1863- Daily Union Vedette, Fort Douglas, Utah, founder Colonel Patrick E. Connor (This was Utah Territory first daily newspaper, which also tended to be anti-Mormon in its attitude).
1868- Utah Magazine, Salt Lake City.
1870- Mormon Tribune, Salt Lake City (replaces the Utah Magazine).
1878- Boston Watchman (a Baptist newspaper, suggested steps for a new anti-Mormon campaign).
1910 and 1911- Pearsons, Everybody’s Magazine, McClure’s, and Cosmopolitan all took anti-Mormon shot’s at the Church.

The Saints Newspapers that often refuted the claims made in the above newspapers, articles, and books:
1832- The Evening and Morning Star, Independence, Missouri, William W. Phelps editor.
1832- Upper Missouri Advertiser, Independence, Missouri, William W. Phelps editor
1834- The Latter-day Saint Messenger and Advocate, Kirtland, Ohio, Oliver Cowdery editor (This paper started as a result of the press that printed The Evening and Morning Star being destroyed).
1834- Northern Times, Kirtland, Ohio, founded by Frederick G. Williams for use as a secular paper and to squash anti-Mormon rhetoric.
1837- Elders Journal, Kirtland, Ohio (Two volumes printed in Kirtland and the last two volumes at Far West, Missouri), Don Carlos Smith editor.
1840- The Latter-day Saints’ Millennial Star, Liverpool, England, Parley P. Pratt editor (This is the Church’s longest running publication; 130 years from 1840-1970).
1842- Times and Seasons, Nauvoo, Illinois, Joseph Smith Jr. editor.
1842- Wasp, Nauvoo, Illinois, William Smith editor (strictly a secular paper).
1843- Nauvoo Neighbor, Nauvoo, Illinois, John Taylor editor (Replaces the Wasp).
1845- Prophet, New York City, Samuel Brannan, publisher.
1849- Frontier Guardian, Kanesville, Iowa, Orson Hyde editor.
1850- Deseret News, Salt Lake City, Willard Richards editor.
1853- The Zion’s Watchman, Australia (was published in an effort to counteract false statements in the press and to defend Church policies).
1866- Juvenile Instructor, Salt Lake City, George Q. Cannon editor (This became the official Sunday school publication).
1872- Women’s Exponent, Salt Lake City, Louisa Lula Greene editor.
1879- The Contributor, Salt Lake City, Junius F. Wells editor.
1889- Young Woman’s Journal, Salt Lake City.
1897- Improvement Era, Salt Lake City (Replaces The Contributor).
1903- Children’s Friend, Salt Lake City, May Anderson editor.
1915- Relief Society Magazine, Salt Lake City (Replaces the independently owned Women’s Exponent).
James B. Allen and Glen M. Leonard, The Story of the Latter-day Saints (Salt Lake City: Deseret Book, 1992), 80, 81-82, 95, 104, 164, 180, 190, 192, 191, 206, 259, 330, 343, 345, 401, 465, 476, 482; The Zion’s Watchman, Arnold K. Garr, Donald Q. Cannon, and Richard O. Cowan, Encyclopedia of Latter-day Saint History (Salt Lake City: Deseret Book Company, 2000), 64.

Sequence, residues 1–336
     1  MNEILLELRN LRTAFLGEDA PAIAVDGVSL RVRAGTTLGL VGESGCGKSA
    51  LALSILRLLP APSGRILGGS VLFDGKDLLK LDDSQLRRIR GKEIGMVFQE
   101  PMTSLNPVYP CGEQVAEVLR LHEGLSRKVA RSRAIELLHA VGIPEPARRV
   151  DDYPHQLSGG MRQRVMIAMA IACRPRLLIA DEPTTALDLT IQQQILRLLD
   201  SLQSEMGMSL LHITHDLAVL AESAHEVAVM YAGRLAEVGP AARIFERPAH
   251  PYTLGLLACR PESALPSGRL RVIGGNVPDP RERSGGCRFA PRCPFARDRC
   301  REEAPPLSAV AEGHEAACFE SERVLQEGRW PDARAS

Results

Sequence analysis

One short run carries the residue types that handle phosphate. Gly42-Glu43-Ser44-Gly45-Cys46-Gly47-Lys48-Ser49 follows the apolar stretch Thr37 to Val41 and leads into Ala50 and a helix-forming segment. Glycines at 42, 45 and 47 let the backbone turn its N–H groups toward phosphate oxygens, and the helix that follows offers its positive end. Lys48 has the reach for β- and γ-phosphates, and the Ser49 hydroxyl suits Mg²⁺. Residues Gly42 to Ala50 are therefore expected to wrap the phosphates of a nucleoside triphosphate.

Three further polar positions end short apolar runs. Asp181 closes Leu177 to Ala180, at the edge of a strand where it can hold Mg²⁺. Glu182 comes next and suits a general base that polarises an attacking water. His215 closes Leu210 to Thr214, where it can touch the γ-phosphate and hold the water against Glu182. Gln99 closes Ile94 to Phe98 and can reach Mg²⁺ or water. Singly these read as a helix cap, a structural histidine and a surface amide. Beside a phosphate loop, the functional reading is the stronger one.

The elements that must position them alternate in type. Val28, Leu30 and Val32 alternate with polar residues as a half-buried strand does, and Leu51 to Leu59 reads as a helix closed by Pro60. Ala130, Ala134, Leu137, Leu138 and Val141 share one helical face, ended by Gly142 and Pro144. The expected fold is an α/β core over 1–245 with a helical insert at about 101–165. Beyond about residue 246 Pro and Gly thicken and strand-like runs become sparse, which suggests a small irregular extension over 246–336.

416.   Hubert Howe Bancroft, a book collector and historian in California, wrote one of the first histories of the Latter-day Saints written by a sympathetic non-Mormon. Published in 1889 in San Francisco, Bancroft’s History of Utah includes an even-handed treatment of the Joseph Smith, Brigham Young, and John Taylor periods of Church history.
Arnold K. Garr, Donald Q. Cannon, and Richard O. Cowan, Encyclopedia of Latter-day Saint History (Salt Lake City: Deseret Book Company, 2000), 75.

417.   Apostate, John C. Bennett, first mayor of Nauvoo, wrote the anti-Mormon book The History of the Saints; or, An Expose of Joe Smith and Mormonism, published in Boston in November of 1842.
Arnold K. Garr, Donald Q. Cannon, and Richard O. Cowan, Encyclopedia of Latter-day Saint History (Salt Lake City: Deseret Book Company, 2000), 89.

418.   On 15 October 1982, Max Chopnick, vice president of the Laymen’s National Bible Committee, presented to the Church an award for outstanding service to the Bible cause. The award was accepted by President Gordon B. Hinckley.
The Church of Jesus Christ of Latter-day Saints, Church History In The Fulness Of Time (Salt Lake City: Published by the Church of Jesus Christ of Latter-day Saints, 1993), 588.

419.   The first book to record the revelations of Joseph Smith Jr. was known as the Book of Commandments & Revelations, which was the forerunner to the Book of Commandments, which was the forerunner to the Doctrine and Covenants.
Robert J. Woodford, “Introducing A Book of Commandments and Revelations, A Major New Documentary ‘Discovery,’” BYU Studies, Volume 48, Number 3, 2009, 7.

420.   Because the Book of Commandments & Revelations was taken to Missouri (in 1831 to be published), Church authorities in Kirtland purchased another ledger book in which to continue to record subsequent revelations. This second volume is traditionally known as the Kirtland Revelation Book. . . The first revelation in the book is section 76 of the current D&C.
Robert J. Woodford, “Introducing A Book of Commandments and Revelations, A Major New Documentary ‘Discovery,’” BYU Studies, Volume 48, Number 3, 2009, 8-9.

421.   The full title of the Book of Commandments & Revelations is: “A Book of Commandments & Revelations of the Lord Given to Joseph the Seer & Others by the Inspiration of God & Gift & Power of the Holy Ghost Which Beareth Record of the Father & Son Which Is One God Infinite and Eternal World without End Amen.”
Robert J. Woodford, “Introducing A Book of Commandments and Revelations, A Major New Documentary ‘Discovery,’” BYU Studies, Volume 48, Number 3, 2009, 20.
Additional interesting information:
Pages missing from the Book of Commandments & Revelations:
   Pages 3-10, 15-22, and 25-26 are missing from the volume, and their location is unknown. Similarly, pages 111-112, 117-120, and 139-140 are missing from the volume, but fortunately the location of these pages is know: they are currently located at the Community of Christ Library-Archives in Independence, Missouri.